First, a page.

I’m beginning to understand the frustration non-Mormons in Utah feel with the political influence exerted by the dominant religion. The Republican presidential nominations for the past several cycles have been dominated by evangelicals. Now, I have nothing against evangelicals—some of my nearest and dearest adhere to that faith—I’m just reluctant to have them choose a major presidential candidate. I mean, how can I trust a group that thought George W. Bush was God’s gift to America?
The upside is that, nationwide, evangelicals are a minority. No matter how they influence the Republican Party, the other party offers another choice.
Not so in Utah. Utah has not elected a non-Mormon governor since 1928. No non-Mormon senators and congressmen have been elected in Utah in my memory. Approximately 60% of Utahns consider themselves Mormons, but close to 90% of state office holders hold to the faith. Gerrymandered voting districts keep mostly Mormon Republicans in office in all but two counties.
Non-Mormons chafe at Utah’s liquor laws which are directly influenced by Church leadership. Many believe Thomas Monson is the most influential person in Utah politics. Legislators, however, don’t always bow to requests from 50 N Temple. The concealed weapons law did not respect Church wishes to exclude churches from places gun toting is allowed. With the current exception of a humane stance on immigration laws and a firm policy against gay marriage, Church headquarters keeps silent about most political issues.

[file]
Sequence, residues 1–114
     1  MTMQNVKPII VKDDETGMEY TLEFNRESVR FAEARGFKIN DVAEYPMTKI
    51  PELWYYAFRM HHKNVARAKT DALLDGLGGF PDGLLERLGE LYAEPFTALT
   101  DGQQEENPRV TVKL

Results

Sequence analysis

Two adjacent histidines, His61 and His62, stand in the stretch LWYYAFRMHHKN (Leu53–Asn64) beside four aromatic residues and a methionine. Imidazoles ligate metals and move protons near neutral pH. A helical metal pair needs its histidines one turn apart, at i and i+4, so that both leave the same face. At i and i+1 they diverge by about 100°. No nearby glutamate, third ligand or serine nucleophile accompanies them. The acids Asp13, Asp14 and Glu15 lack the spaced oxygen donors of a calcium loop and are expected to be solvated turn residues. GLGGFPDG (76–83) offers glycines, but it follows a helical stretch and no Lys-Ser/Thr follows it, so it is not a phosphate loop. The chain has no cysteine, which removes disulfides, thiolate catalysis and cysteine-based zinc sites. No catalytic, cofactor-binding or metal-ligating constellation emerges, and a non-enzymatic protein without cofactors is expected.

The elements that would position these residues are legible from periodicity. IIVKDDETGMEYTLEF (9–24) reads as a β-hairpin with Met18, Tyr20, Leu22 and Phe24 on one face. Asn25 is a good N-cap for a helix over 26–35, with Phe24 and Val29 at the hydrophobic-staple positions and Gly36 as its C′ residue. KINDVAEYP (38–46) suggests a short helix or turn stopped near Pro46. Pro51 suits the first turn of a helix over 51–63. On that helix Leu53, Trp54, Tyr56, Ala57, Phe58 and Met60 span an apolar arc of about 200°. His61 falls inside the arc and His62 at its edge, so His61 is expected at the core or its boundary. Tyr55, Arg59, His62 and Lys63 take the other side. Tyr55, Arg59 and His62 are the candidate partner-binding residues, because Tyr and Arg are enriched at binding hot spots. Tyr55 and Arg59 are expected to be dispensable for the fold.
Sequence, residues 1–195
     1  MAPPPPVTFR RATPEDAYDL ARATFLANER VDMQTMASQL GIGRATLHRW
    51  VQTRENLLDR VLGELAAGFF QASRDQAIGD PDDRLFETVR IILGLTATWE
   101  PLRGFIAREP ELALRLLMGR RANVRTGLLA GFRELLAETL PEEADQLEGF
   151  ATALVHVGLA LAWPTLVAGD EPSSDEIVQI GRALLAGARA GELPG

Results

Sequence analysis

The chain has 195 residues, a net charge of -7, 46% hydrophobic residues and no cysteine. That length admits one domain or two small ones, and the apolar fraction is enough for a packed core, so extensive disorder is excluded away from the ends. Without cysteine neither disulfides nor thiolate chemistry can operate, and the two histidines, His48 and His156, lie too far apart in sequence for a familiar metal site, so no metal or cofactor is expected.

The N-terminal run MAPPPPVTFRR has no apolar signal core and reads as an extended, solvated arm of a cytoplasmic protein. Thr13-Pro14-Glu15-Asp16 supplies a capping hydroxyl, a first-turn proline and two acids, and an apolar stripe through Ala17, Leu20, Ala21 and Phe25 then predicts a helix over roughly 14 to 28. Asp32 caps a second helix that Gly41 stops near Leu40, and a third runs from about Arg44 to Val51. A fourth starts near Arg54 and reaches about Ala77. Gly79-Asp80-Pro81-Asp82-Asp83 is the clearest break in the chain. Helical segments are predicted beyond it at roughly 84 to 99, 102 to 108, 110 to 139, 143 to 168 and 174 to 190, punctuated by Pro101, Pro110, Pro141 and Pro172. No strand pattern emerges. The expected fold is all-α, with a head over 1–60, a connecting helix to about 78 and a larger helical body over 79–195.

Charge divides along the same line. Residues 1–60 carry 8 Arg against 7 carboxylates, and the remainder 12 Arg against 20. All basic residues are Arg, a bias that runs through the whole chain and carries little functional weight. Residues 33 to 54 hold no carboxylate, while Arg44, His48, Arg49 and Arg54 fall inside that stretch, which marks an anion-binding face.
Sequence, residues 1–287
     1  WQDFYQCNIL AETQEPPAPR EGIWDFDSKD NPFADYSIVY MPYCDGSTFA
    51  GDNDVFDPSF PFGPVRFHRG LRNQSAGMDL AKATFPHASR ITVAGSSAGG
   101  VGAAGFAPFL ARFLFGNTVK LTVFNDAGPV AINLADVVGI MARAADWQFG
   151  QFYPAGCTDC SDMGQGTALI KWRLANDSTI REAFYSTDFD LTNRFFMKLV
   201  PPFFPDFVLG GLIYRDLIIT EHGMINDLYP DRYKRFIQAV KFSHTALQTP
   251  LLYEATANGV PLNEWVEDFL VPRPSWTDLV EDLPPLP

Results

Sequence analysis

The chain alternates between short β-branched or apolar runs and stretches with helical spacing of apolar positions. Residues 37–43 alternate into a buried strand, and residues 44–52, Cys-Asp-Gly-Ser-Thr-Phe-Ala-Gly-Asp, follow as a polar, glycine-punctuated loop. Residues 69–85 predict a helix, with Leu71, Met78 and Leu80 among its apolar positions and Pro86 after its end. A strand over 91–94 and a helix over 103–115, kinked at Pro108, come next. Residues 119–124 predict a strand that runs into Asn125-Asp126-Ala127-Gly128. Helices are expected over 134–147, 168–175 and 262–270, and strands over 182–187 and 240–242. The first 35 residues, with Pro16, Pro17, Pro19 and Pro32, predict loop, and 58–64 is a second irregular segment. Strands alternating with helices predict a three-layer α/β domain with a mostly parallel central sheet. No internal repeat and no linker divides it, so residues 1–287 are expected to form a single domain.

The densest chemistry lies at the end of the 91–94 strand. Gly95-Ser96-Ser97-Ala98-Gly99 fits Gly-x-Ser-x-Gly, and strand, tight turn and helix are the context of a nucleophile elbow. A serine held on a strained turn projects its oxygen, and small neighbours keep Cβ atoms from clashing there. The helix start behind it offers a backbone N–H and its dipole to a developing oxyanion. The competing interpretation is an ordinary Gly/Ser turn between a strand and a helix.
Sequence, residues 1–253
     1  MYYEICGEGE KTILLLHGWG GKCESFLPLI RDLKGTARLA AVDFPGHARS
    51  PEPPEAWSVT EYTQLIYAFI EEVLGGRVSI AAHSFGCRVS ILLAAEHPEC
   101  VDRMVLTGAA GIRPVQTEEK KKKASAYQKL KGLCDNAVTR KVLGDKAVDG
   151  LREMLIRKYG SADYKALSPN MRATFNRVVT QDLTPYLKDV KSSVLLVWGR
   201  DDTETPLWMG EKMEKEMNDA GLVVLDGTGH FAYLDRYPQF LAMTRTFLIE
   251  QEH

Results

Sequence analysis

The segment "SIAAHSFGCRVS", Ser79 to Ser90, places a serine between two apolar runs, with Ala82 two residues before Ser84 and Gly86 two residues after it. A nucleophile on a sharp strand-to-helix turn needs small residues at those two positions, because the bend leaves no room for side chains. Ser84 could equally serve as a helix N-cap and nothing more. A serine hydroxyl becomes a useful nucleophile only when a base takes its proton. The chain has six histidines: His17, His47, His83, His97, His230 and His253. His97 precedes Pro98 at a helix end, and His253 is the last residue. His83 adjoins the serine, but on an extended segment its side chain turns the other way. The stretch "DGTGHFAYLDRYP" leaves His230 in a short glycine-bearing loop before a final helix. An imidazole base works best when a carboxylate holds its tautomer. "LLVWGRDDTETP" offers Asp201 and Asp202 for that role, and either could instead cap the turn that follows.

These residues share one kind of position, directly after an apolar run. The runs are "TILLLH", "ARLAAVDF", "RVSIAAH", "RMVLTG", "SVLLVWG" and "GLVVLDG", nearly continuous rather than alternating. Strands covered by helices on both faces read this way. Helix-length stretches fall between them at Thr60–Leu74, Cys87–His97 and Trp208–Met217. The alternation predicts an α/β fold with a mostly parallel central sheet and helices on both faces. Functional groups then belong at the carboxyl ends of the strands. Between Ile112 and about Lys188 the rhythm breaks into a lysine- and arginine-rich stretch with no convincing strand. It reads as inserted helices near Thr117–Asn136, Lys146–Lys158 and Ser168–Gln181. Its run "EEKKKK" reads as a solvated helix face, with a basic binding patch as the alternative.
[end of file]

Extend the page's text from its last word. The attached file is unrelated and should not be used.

For some reason—possibly because of long-harbored resentment against lack of government protection during the Missouri and Illinois persecutions, the invasion of Johnson’s Army, and subsequent persecution of polygamy—most Mormons are right-wing Republicans with a distrust of government. Mormons also have a strong aversion to taxes—possibly feeling their heavy Church donations are all they can afford—or that volunteerism can provide for all a community’s needs.
Church leaders may not be responsible for all political views of their followers, but the Church is judged by its members. And non-Mormon Utahns blame the Church for a state government which excludes them.